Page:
Pseu: the situation in China is difficult to make sense of, but I’ll try. (Warning: I’m not sure that anyone can really explain this well, least of all myself)
In China what one sees is not always what is there.
The central government is sitting on a mountain of foreign currency reserves, but much of it is debt. China also has vast amounts of hidden provincial debt which actually are likely to vastly exceed their currency reserves.
China also has a rapidly ageing population with a severe gender-imbalance. While the one-child policy has been eased, the ones permitted to have more children are affluent. They are often “little emperors”, anyway, and are often utterly hopeless. I had to teach one how to open a tin. They do not know how to take care of themselves, are often extremely lazy, and are quite arrogant in many ways. Because of this they cannot spend that much money on their own population. It’s simply so vast that if even 2-3pc of the total population turn into Hackneyesque dole cases it could cripple the finances of the state. This is an inevitable result of the social state. Japan, by the way, does not have much of a social state, either.
China is also so inflation-prone that too much government spending in most places would result in economy-breaking bubbles, even if only regional, it would have major ramifications for the national economy as the fallout would result in ever-more uncontrollable migration from the affected province(s) to the already over-stretched cities such as Shanghai, Peking, Tientsin, and Shenchen.
The Japanese are much shrewder than the Chinese, however. The Chinese have basically gone from the grinding poverty of Mao’s revolution to a Las Vegas/ Southern California-style decadence in little more than one generation. The Japanese were also quite wealthy before the bubble burst. China has even bigger bubbles and, outside its showcase cities, is essentially a 3rd world country. The Japanese are also much more pragmatic and, after 1945, have been quite conciliatory in their relations. (Baggage from World War II is an issue, but it’s separate from this) The Chinese are already growing as irritating as the Americans before even reaching solid ground.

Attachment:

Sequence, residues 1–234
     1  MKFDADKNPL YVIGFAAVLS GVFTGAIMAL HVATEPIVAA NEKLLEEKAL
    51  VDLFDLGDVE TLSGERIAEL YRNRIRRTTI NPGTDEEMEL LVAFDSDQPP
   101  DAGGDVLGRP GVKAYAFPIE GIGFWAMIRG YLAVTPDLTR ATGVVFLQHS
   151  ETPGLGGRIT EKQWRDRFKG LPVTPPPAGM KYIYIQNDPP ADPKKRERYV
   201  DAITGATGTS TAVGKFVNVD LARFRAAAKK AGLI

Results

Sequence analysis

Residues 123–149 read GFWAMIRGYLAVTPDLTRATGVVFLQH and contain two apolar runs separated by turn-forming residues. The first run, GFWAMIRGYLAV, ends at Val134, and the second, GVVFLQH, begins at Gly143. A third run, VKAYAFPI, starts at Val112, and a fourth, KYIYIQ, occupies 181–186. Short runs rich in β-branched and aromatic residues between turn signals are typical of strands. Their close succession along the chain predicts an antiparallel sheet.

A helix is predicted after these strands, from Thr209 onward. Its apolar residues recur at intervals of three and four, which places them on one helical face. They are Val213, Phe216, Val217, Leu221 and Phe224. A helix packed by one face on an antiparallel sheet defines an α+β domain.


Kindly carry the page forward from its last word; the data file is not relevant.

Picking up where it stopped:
Thank you Christopher.
“Because of this they cannot spend that much money on their own population” or will not?
I always thought the Chinese had great reverence or the elderly. .
Pseu: perhaps a mixture of both.
The Chinese don’t care that much for their elderly anymore. They’re increasingly seen as a burden with an increase in the 1-2-4 situation. One working-age person responsible for two parents and four grandparents,
with the cost of living and inflation in China the one could barely support him/herself much less the other 6, especially if they don’t have much in the way of savings. Understand that China today is barely Chinese. The parts of the culture that Mao didn’t destroy in the Cultural Revolution were destroyed by the hyper-commercialism of the post-1979 era. T
I do not usually wade into posts apparently designed with the intent of slagging off on the homeland, but the reporting of the recent meeting between the Heir Apparent and the Lame Duck is, as usual, mostly politics and little else.